I knew the day would come where I’d be reviewing a figma on this site — Max Factory figmas, along with Bandai’s Tamashii line, are essentially the standard for Japanese pop-culture action figures in terms of size, quality, and price. There are a ton of figmas based on a wide spectrum of anime, manga, games, and the occasional real-life figure, all recreated in 1/12 scale with a good amount of articulation. Of course, not all figmas (figmae? figmata?) are made equally: some are clearly better-made and more interesting than others, but generally, the quality baseline for them is pretty solid — the “bad” figmas aren’t so much poorly-made as they are a bit on the dull side in terms of playing with them.
I was actually expecting the first figma I’d review here to be Kazuma Kiryu from the Yakuza series, as he was due out in August, but he got hit with a serious delay, pushing him all the way back to a December release… which makes me think that the manufacturer discovered some horrible engineering flaw as they were wrapping up production and they needed to redo the whole thing. It’s okay though, we have something that’s just as blue-blooded Sega as our hot-blooded ex-Yakuza pal: Virtua Fighter figmas!
If you’ve been following the site for a while, you probably remember me being really excited about these back when they were first announced at Wonder Festival a few years back. Hell, I’ve been a VF fan for most of my life, why wouldn’t I lose my mind over VF characters finally getting the figma treatment? Sure, they were the polygonal VF1 models and not the slick, realistic models of VF5, but at least they were something! And let’s face it, there’s something really lovable about that flat-shaded model 1 look.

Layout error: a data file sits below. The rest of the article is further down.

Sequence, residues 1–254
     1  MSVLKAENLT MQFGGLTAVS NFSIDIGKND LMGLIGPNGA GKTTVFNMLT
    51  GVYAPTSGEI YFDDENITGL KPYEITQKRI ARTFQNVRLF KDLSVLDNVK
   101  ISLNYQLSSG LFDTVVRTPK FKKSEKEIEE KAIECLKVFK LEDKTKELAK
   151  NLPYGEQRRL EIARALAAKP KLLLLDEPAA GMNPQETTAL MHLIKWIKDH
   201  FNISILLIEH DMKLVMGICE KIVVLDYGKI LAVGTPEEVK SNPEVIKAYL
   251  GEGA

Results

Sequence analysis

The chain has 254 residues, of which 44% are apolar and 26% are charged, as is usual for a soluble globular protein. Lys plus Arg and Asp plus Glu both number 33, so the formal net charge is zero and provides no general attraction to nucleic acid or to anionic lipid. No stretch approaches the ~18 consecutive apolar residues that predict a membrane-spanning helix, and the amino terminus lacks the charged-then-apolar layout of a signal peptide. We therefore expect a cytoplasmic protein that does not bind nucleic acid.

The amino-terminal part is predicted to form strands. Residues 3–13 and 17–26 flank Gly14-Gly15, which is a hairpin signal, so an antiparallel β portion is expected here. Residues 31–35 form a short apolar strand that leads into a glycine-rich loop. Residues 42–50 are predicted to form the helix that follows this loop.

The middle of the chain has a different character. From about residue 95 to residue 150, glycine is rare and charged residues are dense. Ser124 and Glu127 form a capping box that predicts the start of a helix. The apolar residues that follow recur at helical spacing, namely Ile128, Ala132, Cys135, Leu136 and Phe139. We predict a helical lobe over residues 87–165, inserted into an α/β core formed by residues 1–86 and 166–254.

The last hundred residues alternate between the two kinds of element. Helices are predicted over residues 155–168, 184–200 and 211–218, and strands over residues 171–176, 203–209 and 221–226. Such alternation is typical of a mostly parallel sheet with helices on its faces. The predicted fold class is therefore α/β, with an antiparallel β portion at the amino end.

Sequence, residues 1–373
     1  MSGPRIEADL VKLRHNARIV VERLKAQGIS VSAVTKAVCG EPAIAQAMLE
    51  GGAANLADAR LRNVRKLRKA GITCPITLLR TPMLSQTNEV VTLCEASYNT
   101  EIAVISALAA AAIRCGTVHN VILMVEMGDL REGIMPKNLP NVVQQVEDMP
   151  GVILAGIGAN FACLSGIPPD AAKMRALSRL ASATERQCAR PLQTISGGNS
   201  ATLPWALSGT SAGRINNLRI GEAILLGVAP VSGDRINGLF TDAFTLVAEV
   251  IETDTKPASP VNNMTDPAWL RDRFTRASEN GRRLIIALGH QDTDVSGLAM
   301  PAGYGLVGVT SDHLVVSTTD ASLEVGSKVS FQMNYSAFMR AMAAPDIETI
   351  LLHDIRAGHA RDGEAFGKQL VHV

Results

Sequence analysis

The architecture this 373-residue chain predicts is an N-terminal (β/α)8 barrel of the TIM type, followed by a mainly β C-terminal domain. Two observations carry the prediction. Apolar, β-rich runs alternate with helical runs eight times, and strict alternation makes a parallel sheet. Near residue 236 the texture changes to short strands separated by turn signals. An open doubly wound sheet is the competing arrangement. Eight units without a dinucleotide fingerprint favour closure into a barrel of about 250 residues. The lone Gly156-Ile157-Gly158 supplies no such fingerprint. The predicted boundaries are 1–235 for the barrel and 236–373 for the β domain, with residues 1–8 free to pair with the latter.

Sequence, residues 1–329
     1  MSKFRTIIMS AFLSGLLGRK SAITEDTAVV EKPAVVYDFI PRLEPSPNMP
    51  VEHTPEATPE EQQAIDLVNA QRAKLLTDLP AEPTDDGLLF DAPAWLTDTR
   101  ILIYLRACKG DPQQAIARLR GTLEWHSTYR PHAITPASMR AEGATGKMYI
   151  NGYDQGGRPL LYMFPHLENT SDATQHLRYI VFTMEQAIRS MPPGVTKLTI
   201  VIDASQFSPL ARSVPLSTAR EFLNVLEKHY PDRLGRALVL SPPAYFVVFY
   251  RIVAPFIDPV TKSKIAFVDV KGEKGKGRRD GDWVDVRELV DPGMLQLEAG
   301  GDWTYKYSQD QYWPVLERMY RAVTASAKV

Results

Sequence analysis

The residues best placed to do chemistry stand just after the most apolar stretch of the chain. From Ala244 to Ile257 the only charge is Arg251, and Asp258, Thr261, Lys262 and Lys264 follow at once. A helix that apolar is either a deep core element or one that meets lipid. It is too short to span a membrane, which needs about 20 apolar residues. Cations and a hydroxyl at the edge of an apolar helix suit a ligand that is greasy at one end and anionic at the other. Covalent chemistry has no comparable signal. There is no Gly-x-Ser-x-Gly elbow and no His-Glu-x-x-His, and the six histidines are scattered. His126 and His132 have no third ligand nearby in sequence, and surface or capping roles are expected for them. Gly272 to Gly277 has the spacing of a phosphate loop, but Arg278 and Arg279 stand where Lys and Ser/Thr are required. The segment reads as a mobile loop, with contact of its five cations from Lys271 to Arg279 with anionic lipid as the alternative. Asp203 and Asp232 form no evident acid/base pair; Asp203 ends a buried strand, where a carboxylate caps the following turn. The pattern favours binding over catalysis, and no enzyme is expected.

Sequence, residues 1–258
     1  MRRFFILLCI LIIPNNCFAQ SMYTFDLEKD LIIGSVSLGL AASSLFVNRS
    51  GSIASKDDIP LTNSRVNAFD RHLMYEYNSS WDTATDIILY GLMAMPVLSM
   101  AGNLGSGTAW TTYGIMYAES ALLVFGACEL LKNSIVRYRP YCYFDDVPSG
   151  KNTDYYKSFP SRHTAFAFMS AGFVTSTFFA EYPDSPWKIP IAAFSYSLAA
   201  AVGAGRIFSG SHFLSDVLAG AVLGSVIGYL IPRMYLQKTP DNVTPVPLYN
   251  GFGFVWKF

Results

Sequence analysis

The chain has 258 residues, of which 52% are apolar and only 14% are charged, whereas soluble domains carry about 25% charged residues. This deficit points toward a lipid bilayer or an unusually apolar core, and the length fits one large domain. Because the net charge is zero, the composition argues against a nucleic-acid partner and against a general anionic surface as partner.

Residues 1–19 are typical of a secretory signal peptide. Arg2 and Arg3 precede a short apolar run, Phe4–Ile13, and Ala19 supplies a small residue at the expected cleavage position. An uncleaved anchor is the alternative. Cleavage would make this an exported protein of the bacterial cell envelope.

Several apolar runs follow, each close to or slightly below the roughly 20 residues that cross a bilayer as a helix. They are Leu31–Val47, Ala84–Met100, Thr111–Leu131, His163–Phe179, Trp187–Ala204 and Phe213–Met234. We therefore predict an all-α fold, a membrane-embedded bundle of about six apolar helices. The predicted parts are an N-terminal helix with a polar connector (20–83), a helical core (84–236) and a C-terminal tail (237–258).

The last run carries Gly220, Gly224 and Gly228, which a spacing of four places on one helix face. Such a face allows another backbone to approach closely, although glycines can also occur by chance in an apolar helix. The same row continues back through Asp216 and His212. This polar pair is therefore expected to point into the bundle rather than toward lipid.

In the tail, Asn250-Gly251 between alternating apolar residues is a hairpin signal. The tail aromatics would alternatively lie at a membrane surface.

But enough talk. Let’s review some plastic! Ready… GO!
While SDCC was happening last weekend, there was another big nerd event going on an ocean away: Wonder Festival, the show for high-end figures, toys, and collectibles by Japanese companies. While half of Wonder Festival is dedicated to limited-run garage kits (which are cool, but exceptionally difficult to obtain and build for all but the most devoted hobbyists), the other half is about figures that, while still limited in run, will be a fair bit easier to get your hands on. Many of these figures are based on games we know and love, so I’m here to chronicle everything cool that was showed off at the event!
I’ll be honest, though: this particular WonFes was disappointing for me. There weren’t any huge surprises like the Virtua Fighter figmas or the Iron Fossil this time, though there were a few retro-themed bits and bobs here and there. I think what got my motor running the most was this assembly-required Night Striker resin kit (see what I did there? Ho HO!) that’s coming from RC Berg:
I suppose having less “shut up and take my money” is good in the long run, and we did get a color version of Iron Fossil and Jet Set Radio Beat, so there’s that. As usual, I’m focusing more on stuff that has a fairly limited figure presence – stuff like Fate/Initials and KanColle and Tony’s Sameface Shining also fall into the “games” category, but have spawned so many high-profile figures that you can see on any other WF roundup that I’m specifically excluding them. Obscurity is part of what this site’s built on, after all! We’re also focusing on stuff that is newly announced has has advanced since it was last shown (i.e. a color prototype), so things you can pre-order are
Anyhow, onto the image galleries! Images are primarily sourced from WHL4U, Figsoku, and Dengeki Hobby. They’re organized by manufacturer, with the exception of Nendoroids and Figmas, which I’ve put in their own categories. Click on any of the small images for a bigger view!